Recent data releases from Poland suggested, in our view, that the GDP growth slowdown in the final quarter of 2014 was still relatively mild. We have raised our GDP forecasts slightly, to 3.1%YoY in 4Q14 and 3.3% on average for the full year (from 2.9% and 3.2%, respectively). We expect the growth slowdown to be temporary. Most of the risks continue to be external, with a number of question marks hanging over the Euro zone economy and considerable difficulty in forecasting further developments in Ukraine. Domestic demand became an important driver of GDP growth last year and is likely to remain so in 2015, offsetting a large part of the negative impact of faltering external demand. The improvement in the labour market should continue, with job creation and notable growth in real wages (supported by productivity increases).
Inflation has dropped further and further below zero. According to our forecast, CPI fell to nearly -1%YoY in December and may fall even more at the start of 2015, dragged down mainly by plummeting fuel prices and cheap food. We think inflation will remain in sub-zero territory until the end of 3Q15. While we see lower prices of basic goods as strongly supportive for private consumption, as they leave a substantial amount of money in households' pockets for purchases of discretionary goods and services, the idea that headline CPI could be deflationary for more than a year, and may not return to the 2.5% target before 2H16, will create pressure for the central bank to ease again.
The Monetary Policy Council (MPC) kept interest rates on hold in November and December. However, given the inflation outlook, we think additional easing is quite possible. This looks unlikely to be at the start of the year, as recent economic data (still quite decent) and the year-end zloty depreciation offer little to help convince the majority that additional easing is needed. The Council is deeply divided, but we think the scale and the length of deflation will surprise the central bankers and may tip the balance towards more easing, probably in March, when the new NBP projections are due to be released. We expect a 25bp cut. There is a downside risk to this scenario, but we do not see easing of more than 50bp in 2015E.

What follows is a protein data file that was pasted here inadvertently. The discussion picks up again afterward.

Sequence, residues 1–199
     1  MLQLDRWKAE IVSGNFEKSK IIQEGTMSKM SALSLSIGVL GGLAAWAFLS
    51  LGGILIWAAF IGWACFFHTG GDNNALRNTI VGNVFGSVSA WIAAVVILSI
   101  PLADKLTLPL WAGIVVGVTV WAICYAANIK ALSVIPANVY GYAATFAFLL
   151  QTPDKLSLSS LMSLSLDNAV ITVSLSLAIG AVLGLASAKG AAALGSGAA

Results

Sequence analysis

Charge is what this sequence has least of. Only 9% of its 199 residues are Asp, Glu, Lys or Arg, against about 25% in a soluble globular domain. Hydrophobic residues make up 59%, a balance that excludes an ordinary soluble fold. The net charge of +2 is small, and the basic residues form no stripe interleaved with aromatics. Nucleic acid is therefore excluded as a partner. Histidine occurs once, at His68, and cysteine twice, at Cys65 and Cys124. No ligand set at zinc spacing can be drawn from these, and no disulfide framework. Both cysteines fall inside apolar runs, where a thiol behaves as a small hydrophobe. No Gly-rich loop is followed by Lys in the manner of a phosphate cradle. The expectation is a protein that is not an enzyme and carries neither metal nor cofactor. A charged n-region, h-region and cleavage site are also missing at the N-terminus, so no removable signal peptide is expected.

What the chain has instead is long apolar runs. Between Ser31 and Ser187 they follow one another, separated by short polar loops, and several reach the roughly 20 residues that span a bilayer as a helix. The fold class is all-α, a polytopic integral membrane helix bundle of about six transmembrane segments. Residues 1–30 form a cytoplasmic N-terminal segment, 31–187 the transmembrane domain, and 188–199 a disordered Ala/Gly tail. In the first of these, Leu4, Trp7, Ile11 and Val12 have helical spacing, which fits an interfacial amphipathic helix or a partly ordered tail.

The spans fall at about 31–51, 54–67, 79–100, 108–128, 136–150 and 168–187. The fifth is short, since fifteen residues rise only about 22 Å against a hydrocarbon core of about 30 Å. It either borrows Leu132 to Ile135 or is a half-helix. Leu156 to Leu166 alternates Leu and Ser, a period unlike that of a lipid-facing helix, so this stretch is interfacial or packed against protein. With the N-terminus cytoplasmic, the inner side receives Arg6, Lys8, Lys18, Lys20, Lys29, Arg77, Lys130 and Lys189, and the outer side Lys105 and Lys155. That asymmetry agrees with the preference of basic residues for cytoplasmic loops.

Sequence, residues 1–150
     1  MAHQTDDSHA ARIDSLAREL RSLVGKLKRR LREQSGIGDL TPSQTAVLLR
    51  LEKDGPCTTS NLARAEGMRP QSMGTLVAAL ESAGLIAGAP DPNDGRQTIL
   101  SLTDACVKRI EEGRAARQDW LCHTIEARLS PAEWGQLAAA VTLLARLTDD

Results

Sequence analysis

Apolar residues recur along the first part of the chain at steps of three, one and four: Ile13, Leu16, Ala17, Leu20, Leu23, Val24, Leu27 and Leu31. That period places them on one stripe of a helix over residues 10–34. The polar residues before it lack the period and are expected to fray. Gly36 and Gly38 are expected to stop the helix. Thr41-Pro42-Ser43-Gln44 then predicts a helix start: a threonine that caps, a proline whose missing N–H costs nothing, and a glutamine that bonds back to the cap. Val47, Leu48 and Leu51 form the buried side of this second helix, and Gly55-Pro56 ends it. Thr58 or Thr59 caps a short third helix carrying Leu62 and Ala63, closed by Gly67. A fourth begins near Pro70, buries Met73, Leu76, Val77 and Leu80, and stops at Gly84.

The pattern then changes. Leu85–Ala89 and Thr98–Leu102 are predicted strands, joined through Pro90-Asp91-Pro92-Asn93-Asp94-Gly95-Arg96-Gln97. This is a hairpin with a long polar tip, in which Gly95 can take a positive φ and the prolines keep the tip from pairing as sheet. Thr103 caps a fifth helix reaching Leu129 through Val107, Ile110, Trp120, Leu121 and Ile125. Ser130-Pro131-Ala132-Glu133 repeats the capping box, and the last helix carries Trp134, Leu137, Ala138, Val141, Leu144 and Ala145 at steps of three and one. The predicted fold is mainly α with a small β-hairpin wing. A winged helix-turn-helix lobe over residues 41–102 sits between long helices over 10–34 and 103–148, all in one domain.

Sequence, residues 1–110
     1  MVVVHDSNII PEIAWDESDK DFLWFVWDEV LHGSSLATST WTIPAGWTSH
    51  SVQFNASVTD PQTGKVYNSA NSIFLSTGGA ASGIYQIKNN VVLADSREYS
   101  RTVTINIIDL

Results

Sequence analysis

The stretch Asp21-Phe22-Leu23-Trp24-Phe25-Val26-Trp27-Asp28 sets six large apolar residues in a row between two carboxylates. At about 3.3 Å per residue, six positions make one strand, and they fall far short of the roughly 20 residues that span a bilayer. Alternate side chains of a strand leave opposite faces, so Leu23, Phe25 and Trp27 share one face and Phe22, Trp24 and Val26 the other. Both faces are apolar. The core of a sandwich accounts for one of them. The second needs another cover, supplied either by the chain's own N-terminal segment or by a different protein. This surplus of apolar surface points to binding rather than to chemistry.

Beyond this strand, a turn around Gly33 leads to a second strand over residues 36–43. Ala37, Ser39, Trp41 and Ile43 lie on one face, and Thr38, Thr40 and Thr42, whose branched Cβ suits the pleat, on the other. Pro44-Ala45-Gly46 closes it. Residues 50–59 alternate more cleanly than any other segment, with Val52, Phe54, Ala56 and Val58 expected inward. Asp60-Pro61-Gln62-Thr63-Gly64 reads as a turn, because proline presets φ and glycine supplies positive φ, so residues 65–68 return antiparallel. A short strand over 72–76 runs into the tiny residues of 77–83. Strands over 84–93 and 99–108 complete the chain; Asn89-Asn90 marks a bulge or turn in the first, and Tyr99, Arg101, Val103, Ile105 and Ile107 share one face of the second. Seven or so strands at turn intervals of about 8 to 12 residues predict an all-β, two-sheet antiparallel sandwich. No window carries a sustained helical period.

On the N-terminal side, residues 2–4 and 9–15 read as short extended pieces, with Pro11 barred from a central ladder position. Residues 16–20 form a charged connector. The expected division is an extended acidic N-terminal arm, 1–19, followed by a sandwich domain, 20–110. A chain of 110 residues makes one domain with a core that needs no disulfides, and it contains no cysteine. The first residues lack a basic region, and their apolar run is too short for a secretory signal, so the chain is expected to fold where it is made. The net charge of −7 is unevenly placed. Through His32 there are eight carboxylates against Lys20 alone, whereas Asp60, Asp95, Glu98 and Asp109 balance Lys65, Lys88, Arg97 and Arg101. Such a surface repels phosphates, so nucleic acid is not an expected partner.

The short end of the yield curve should remain quite stable in the near term, as deeper deflation should be offset by steady interest rates and still-solid economic data. Meanwhile, the belly and long end may drop further, on anticipation of quantitative easing by the ECB. Assuming the ECB launches its additional stimulus in January, a correction is possible at the end of the month. The zloty's depreciation at the end of December was excessive, in our view, exacerbated by extremely low liquidity. Quite decent macro data and no rate cut in January, plus hopes of QE, should support the zloty versus the euro. Meanwhile, USDPLN may increase further as the downward trend in EURUSD is probably not over yet.